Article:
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Face Lift: Caption This!Week Two: Jimmie Daniels—Double Vision

These two portraits of performer Jimmie Daniels are the second set in our Face Lift: Caption This! contest. How do these two portraits—the photograph by George Platt Lynes and the bronze sculpture by Richmond Barthé—convey different aspects of Mr. Daniels’ persona? Imagine the dashing young man in Paris and Harlem. Let your creativity flow and suggest a caption for this double image of the entertainer.

Read the full terms and conditions for the Face Lift: Caption This! contest.

Curatorial Perspective

Though artists often create portraits with paint, these two works depicting American singer and entertainer Jimmie Daniels (1910 – 1984) employ different media.  In addition to an artist’s technical ability, qualities inherent to the materials also contribute to the efficacy and suggestive power of a portrait.

Jimmie Daniels was a performer and fashionable master of ceremonies in Paris before opening his own supper club in Harlem in the 1930s.  His was a popular stop on the circuit of raucous New York nightlife. Known as a handsome and dashing character, several artists chose to portray Daniels in their work. Harlem Renaissance artist, Richmond Barthé, studied both painting and sculpture, but turned almost exclusively to bronze works after 1927. Barthé chose Daniels as his subject on more than one occasion stating that he found the performer’s smile particularly engaging. As a portraitist, Barthé was considered among the best in New York, his masterful control of his medium enabled him to capture not only the details of Daniels’s facial features, but also the essence of his spirit.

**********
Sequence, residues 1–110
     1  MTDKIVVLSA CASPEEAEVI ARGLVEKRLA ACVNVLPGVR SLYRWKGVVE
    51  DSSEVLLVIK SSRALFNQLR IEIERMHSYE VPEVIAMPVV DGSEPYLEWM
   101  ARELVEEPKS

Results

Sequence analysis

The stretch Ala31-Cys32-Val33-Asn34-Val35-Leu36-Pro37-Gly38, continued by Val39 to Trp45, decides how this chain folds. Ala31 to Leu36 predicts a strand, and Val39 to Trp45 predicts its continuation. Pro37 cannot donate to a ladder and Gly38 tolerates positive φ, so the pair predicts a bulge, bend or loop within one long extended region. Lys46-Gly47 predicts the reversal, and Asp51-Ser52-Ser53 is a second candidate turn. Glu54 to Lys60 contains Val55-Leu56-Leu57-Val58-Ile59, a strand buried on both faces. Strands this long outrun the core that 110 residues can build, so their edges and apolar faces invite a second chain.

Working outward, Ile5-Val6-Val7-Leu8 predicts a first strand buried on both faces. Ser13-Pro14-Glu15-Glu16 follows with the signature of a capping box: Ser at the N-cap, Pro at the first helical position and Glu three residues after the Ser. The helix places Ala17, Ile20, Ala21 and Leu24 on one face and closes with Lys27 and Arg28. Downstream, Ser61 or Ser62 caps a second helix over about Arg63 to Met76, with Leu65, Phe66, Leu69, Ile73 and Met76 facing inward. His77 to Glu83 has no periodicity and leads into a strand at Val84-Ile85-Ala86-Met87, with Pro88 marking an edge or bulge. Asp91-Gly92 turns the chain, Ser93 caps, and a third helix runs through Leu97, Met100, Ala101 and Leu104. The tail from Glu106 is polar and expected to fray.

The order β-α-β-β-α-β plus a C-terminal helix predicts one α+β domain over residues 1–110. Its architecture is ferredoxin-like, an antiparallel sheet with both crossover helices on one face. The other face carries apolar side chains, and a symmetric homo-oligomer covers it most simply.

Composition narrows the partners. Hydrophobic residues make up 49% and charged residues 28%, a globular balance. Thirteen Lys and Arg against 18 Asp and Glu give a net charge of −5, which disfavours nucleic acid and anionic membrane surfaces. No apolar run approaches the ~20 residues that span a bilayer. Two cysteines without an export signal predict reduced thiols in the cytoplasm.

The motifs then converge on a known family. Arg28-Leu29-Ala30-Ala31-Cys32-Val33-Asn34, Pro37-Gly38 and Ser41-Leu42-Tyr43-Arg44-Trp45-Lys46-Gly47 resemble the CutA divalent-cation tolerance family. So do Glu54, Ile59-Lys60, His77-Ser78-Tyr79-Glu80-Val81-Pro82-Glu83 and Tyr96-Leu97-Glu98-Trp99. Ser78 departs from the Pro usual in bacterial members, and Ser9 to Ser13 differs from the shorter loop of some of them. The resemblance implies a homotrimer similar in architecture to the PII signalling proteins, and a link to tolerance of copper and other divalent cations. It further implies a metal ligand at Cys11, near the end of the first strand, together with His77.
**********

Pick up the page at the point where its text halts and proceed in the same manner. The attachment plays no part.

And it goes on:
In contrast to Barthé’s straightforward presentation of his subject, photographer George Platt Lynes portrays Daniels from the side, with his head in his hands and surrounded by several shadowed hands in the background. This portrait of Daniels seems to accentuate his theatrical nature. The lighting gracefully captures the smooth planes and contours of Daniels’s body and face.  Though many of his portraits were for commercial use in publications such as Vogue and Harper’s Bazaar, Lynes often incorporated elements of Surrealism or homo-eroticism into his work, especially in his portraits of entertainers.

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